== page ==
Depending on the severity of your psoriatic arthritis, your doctor may prescribe a biologic to help you manage your symptoms.
Biologics are different from other medications because they are made up of genetically-engineered proteins derived from human genes. They can be given by injection or intravenous (IV) infusion. Each of the biologics works a little differently and targets specific parts of a patient’s immune system.
There are several types of biologics, including TNF inhibitors, Interleukin Blockers, and a few others. By targeting the main proteins that have been shown to cause psoriatic arthritis, these powerful drugs can help patients manage their disease more effectively.
Biologics aren’t just used for psoriatic arthritis and psoriasis; they also treat a variety of autoimmune diseases, such as rheumatoid arthritis, ulcerative colitis, and Crohn’s.
In addition to biologics, there are biosimilars now hitting the market. In a normal drug development cycle, drugs are on a patent for a certain amount of time. Once they’re off patent, other companies can create generic drugs using the active ingredients. However, it’s impossible to make generic versions of a biologic because they are derived from human genes. Because of this, companies are now developing drugs which are similar to the original biologic but do not use the exact same active ingredient—hence the term biosimilars.
For instance, Humira (adalimumab) is a TNF inhibitor which binds to TNF receptors. In 2016, adalimumab went off patent and competitors were allowed to come into the market. That year, Amjevita (adalimumab-atto) was the first biosimilar for Humira to be approved. The FDA has not approved it as a substitute for Humira, but the mechanism is similar. Since Amjevita (adalimumab-atto), Cyltezo (adalimumab-adbm) has also been approved as a biosimilar for Humira as well.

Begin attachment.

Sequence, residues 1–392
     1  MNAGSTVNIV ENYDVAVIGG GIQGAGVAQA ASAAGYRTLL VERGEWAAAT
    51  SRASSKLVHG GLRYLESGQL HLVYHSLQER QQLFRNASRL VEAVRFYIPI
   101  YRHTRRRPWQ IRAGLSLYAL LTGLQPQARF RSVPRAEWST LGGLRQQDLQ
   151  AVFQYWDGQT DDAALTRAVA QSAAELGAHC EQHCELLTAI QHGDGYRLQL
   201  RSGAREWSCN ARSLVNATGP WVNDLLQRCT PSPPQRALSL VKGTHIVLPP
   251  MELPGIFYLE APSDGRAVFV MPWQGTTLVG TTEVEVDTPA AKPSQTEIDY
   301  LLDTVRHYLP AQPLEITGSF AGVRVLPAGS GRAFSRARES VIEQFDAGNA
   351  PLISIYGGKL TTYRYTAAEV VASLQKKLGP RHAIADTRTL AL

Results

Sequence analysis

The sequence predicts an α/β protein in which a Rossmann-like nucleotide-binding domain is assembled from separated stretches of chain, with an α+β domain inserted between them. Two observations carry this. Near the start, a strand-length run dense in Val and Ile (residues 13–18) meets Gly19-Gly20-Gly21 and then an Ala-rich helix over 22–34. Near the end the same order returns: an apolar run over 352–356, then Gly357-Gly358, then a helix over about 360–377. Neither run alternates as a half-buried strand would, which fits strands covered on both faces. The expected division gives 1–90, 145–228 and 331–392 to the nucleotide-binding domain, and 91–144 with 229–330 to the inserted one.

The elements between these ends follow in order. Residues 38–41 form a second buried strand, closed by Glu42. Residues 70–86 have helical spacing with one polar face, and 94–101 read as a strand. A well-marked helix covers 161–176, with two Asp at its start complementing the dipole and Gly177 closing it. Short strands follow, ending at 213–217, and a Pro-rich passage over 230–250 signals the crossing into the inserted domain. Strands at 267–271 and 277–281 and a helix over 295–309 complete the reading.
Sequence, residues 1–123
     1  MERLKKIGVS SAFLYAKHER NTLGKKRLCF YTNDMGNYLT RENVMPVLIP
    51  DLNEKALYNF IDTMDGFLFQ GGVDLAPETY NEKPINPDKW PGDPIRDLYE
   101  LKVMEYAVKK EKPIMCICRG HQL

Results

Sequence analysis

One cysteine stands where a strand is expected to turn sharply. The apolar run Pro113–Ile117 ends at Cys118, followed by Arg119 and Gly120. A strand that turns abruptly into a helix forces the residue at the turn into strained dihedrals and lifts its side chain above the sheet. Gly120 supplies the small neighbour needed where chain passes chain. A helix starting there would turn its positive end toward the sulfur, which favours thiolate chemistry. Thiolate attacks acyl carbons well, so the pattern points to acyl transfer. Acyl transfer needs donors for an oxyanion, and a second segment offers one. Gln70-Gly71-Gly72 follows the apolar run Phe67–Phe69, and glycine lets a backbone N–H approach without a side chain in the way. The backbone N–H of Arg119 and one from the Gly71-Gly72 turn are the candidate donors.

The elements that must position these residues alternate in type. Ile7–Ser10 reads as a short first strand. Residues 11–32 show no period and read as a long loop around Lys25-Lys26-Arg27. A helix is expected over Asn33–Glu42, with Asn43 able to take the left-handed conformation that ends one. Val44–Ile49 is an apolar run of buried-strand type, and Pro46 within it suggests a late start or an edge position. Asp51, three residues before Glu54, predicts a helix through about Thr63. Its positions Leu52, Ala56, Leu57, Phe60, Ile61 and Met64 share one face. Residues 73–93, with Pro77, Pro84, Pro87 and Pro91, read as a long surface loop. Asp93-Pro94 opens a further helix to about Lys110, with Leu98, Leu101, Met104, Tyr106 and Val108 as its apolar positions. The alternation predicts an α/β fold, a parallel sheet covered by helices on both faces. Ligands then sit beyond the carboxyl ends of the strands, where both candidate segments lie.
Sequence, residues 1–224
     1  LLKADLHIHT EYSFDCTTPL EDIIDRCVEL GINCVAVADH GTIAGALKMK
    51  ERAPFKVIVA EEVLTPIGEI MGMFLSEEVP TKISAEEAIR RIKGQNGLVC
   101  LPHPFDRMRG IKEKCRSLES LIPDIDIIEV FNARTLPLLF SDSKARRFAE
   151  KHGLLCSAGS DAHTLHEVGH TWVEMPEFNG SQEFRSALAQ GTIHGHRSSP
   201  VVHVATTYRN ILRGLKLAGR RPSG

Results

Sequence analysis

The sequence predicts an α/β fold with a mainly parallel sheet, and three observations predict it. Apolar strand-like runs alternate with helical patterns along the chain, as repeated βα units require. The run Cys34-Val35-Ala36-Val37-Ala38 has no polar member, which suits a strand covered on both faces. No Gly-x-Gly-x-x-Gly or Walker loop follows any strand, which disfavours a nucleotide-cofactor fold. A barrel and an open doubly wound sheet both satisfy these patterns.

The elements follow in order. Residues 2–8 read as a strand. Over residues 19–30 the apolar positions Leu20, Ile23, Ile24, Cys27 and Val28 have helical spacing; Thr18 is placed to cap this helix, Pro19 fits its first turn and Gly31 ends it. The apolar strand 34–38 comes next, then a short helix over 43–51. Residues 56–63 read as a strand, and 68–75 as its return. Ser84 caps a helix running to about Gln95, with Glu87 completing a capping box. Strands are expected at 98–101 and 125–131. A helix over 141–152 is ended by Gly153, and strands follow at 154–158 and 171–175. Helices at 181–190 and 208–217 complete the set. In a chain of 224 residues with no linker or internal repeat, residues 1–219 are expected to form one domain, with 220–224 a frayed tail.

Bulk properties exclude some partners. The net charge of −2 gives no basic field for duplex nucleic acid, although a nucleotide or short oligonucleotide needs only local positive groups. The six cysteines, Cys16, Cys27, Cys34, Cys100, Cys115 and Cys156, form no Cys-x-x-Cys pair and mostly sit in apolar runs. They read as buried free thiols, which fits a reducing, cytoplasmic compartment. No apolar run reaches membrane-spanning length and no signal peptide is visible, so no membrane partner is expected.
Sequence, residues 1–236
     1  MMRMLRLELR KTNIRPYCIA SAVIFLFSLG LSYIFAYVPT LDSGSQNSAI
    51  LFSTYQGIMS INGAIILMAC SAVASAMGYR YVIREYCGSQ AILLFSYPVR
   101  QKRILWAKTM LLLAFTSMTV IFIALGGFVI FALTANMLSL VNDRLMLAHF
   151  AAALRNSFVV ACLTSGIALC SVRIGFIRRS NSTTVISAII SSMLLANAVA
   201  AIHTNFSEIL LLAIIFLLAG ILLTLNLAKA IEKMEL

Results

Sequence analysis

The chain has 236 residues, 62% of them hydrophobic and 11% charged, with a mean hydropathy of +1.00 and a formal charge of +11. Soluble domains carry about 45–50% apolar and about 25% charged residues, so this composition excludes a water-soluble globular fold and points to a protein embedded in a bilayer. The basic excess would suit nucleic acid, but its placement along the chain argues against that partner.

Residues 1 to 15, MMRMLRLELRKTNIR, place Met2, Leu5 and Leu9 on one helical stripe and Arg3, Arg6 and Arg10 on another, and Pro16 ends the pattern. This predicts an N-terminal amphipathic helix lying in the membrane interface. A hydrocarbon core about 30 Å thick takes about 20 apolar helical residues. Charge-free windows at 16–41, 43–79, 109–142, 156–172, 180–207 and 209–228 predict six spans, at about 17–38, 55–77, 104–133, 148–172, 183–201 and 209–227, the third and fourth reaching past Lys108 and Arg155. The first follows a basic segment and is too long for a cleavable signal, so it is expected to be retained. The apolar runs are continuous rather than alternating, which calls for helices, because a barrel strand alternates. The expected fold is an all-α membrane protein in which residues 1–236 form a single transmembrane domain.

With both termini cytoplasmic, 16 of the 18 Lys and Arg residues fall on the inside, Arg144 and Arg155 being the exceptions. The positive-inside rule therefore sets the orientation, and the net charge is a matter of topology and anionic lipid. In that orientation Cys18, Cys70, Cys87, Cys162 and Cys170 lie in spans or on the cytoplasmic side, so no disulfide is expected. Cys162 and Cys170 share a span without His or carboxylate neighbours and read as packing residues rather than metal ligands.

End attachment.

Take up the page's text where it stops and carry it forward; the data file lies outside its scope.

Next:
Each year, companies are researching and finding new ways to treat psoriatic arthritis. Just in the last few years, many more biologics were approved. The drug landscape is ever changing, with a few staple drugs remaining strong year in and year out.
The following biologics are currently approved for psoriatic arthritis:
- Cimzia - This self-injectable tumor necrosis factor-alpha (TNF-alpha) biologic is made by UCB Pharma.
- Cosentyx - This Novartis treatment is the first FDA-approved medication specifically targeted at IL-17A. It’s also the only medication in its class to be approved for psoriatic arthritis.
- Enbrel - Created by Amgen, Enbrel is a self-injectable tumor necrosis factor-alpha (TNF-alpha) biologic.
- Humira - Another self-injectable tumor necrosis factor-alpha (TNF-alpha), this biologic is manufactured by Abbvie.
- Orencia - This Bristol-Myers Squibb T cell inhibitor biologic is available in both IV or self-injectable form.
- Remicade - Janssen creates this tumor necrosis factor-alpha (TNF-alpha) which is given intravenously to patients.
- Simponi - This tumor necrosis factor-alpha (TNF-alpha) biologic is given by self-injection and is created by Janssen.
- Stelara - Stelara is an interleukin-12 (IL-12) and interleukin-23 (IL- 23) inhibitor, created by Janssen, and given by self-injection.
Could receive approval for psoriatic arthritis soon:
- Xeljanz - Xeljanz is the first JAK inhibitor janus kinase inhibitor of its class and is created by Pfizer.
The following biosimilars are currently approved for psoriatic arthritis:
- Inflectra - This Pfizer created product was created to be a biosimilar for Remicade.
- Erelzi - Sandoz has created this biosimilar off of the biologic Enbrel.
- Amjevita - Amjevita is Amgen’s response to the biologic Humira.
- Renflexis - Working similarly to Remicade, Renflexis is created by Merck & Co.
- Cyltezo - The first biosimilar from Boehringer Ingelheim, Cyltezo was created as a biosimilar to Humira.
Make sure to talk to your doctor to decide which biologic is right for you. You may have to try a few different treatments to find the one that works for you.
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Julie Cerrone Croner is a Psoriasis HealthCentral Social Ambassador, certified holistic health coach, patient empowerer, yoga instructor, autoimmune warrior, and the blogger behind It’s Just A Bad Day, NOT A Bad Life. When she’s not empowering chronically fabulous patients to live their best lives, she can be found traveling, cooking, geeking out over health-related things, or enjoying life in Pittsburgh. Julie loves social media, so make sure to connect with her on Twitter, Instagram, or Facebook.